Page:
The role of supplementary feeding sites in vulture conservation in South Africa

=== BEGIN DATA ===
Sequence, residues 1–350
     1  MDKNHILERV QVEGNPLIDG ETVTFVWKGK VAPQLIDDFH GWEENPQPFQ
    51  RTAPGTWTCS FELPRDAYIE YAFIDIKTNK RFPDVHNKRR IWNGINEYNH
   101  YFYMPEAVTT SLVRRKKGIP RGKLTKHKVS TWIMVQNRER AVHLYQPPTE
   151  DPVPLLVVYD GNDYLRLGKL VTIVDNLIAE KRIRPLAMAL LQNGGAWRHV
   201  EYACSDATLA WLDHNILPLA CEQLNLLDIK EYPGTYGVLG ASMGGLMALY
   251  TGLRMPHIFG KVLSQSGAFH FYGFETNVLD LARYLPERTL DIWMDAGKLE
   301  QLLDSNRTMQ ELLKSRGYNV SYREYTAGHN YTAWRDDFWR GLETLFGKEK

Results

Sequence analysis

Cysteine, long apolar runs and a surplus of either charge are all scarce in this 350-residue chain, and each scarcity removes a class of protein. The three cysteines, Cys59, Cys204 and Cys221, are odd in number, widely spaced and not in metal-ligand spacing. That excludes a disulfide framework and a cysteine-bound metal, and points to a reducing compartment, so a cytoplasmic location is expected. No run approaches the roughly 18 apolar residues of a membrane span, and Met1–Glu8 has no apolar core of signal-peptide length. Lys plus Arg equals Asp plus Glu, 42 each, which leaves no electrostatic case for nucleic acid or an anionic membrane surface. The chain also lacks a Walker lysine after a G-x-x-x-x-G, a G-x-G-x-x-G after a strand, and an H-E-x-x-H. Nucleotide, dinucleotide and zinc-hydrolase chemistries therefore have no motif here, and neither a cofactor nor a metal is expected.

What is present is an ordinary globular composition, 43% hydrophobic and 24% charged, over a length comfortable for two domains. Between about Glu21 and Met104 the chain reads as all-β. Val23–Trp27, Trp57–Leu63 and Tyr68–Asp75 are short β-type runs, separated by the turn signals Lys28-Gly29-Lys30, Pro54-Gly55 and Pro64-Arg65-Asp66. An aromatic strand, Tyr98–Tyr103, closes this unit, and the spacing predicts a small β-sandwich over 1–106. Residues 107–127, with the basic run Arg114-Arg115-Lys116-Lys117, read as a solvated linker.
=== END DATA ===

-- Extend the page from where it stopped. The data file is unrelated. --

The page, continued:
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Supplementary feeding is a management application often used to support declining wildlife populations or facilitate reintroductions. Nowhere is it perhaps more popular, than in vulture conservation. Vulture supplementary feeding sites (SFS), also known as vulture restaurants, are specific locations where carcasses and unwanted animal parts are provided for vultures to feed on. This is proposed to be a win-win scenario in that contributors to the site receive a free carcass disposal service while simultaneously supporting vulture populations. SFS are assumed to benefit vultures through enhancing demographic parameters such as breeding success and survival. While there is some evidence for such effects, more recent critical assessments are questioning assumptions that these effects are ubiquitous. Additionally, research has begun to identify unintended negative consequences to both target and non-target species and the larger ecosystem. SFS may consequently be counterproductive to conservation goals in some cases. Most of these critical assessments have been conducted in Europe, and southern Africa, the supposed birthplace of SFS, remains understudied. In light of the ongoing African vulture crisis, which has seen vulture populations plummet across the continent, effective investment of conservation resources is critical in preventing the extinction of this functional group. The main aim of this thesis was therefore to evaluate what role SFS play in vulture conservation in a southern African context. I specifically focus on South Africa, where SFS is widespread and have a long history. To understand the value of SFS I needed to verify the proposed positive effects of this conservation measure and assess any potential negative consequences of the practice. First, this required base-line information on the scale and extent of the practice. Secondly management practices and the motivations of managers needed to be reviewed to understand the context in which these sites function and whether there are any risks to vultures using these sites. Thirdly, the distribution of the major threat to vultures (i.e., poisoned carcasses), which SFS are proposed to mitigate, needed to be determined. And finally, the presumed positive effect of SFS on vultures needed to be tested. I could then examine the potential trade-offs of this management practice. In this thesis I first describe the distribution and contribution of SFS to vultures at a national level. I do this by compiling records and databases from various organisations involved in vulture conservation. Then, using a snow-ball survey method and telephonic and email interviews, I verify the activity and history of all recorded and newly discovered SFS. Using this method, I identify 143 currently active SFS across the country, feeding an average of 64.6 kg per day. Overall provisioning at SFS amounted to an estimated 3301 tonnes of food per year. An amount equivalent to 83% of the food requirements of all vultures in the region. I show that different vulture species have varying access to this resource depending on their range. Food provisioning was highly skewed to only 17% of SFS which are providing 69% of the food. Consequently, species with smaller home ranges have relatively poor access to food provided at SFS when compared to further ranging species. In this first chapter, I provide the necessary base-line information that has previously hampered the critical assessment of the effects of this intervention. Using information from the survey conducted with SFS managers I then investigate the context in which these SFS function and their adherence to best management practices. Half of the SFS surveyed were associated with livestock farming and the majority were private individuals not officially affiliated with any conservation organisation. The pervasive sentiment under managers is that SFS are beneficial (84% of managers) and most managers are unable to indicate any disadvantages to themselves in the running of SFS. The cleaning service provided by the vultures is the most widespread perceived benefit. While managers may receive benefits from this practice, I show that their low awareness of vulture conservation issues may lead to practices that are harmful to vultures. For example, despite experts identifying unintentional and intentional poisoning from poison laced carcasses as the most critical threats to vultures, only 47 and 24% of managers, respectively, listed these as potential threats to vultures. Additionally, while most managers (85%) assess carcasses for provisioning suitability based on whether they had been treated with veterinary drugs, relatively few managers (10%) did the same for lead (Pb) contamination. Worryingly, only 30% of managers consider threats to vultures, such as the proximity of power lines, when deciding on a location for their SFS. Overall, current management practices are not adequate to guarantee the safety of vultures using SFS. I therefore advise that increased awareness and training is required and perhaps more stringent guidelines and regulation of the practice. As I show a correlation between the numbers of vultures seen at SFS and the amount of food provided there, the initial focus for such training and regulation should be the SFS with the highest provisioning rates. More formal regulation of this practices will also allow for its targeted application in relation to threats in the landscape. To inform such management and to control for the major cause of vulture declines in subsequent analysis, I investigate the prevalence and motivations for using poison as a predator control method under livestock farmers. I do this via face-to-face surveys using a specialised questioning technique and ad hoc quantitative methods. This reveals that an estimated 22% and 31% of farmers use poison over a 1-year and 5-year period, respectively. Poison use hotspots generally coincide with small stock farming areas and the strongest predictor for its use is its perceived prevalence under peers. My results, however, indicate that farmers are less likely to use poisons if they frequently encounter vultures on their farm. The widespread positive attitude displayed towards vultures along with the other findings provide leverage points to change behaviours and mitigate this threat. In addition to the proposition that SFS mitigate the threat from poison laced carcasses, they are also proposed to assist breeding vultures and increase their success in raising young. To test this, I use monitoring data on South African Cape vulture colonies spanning over two decades, to model the effects of SFS on breeding success, while accounting for threats such as poison use and the provisioning of Pb contaminated food. I also test whether Pb contaminated food potentially proved at SFS is affecting breeding success. I show that the amount of food provided annually at SFS is weakly positively associated with breeding success, but that these results are not significant. I find that a reduced proximity of SFS to vulture colonies is negatively associated with breeding success, but this result is also not significant. Lastly, I find no evidence that the amount of potentially Pb contaminated food provided at SFS, nor the average prevalence of carcass poisoning in the area, affected local breeding success. These results cast doubt on the current dominant narrative in the conservation sphere, which asserts that SFS have positive effects on vulture demographic parameters, such as breeding success. In this thesis, I show that some a priori assumptions about the benefits of SFS in vulture conservation may be overvalued and unjustified. Furthermore, I uncover that current management practices may be endangering vultures feeding at these sites, the problem of which is heightened by the identified widespread use and level of provisioning occurring at a landscape scale. It is therefore an urgent matter to examine other effects, both positive and negative, that SFS have on vultures and the rest of the ecosystem. In this thesis I have provided the necessary information to conduct such research. Until a net benefit to vultures is shown a refocussing of conservation efforts on directly combatting the major causes of vulture declines may be warranted to ensure the effective spending of limited conservation resources.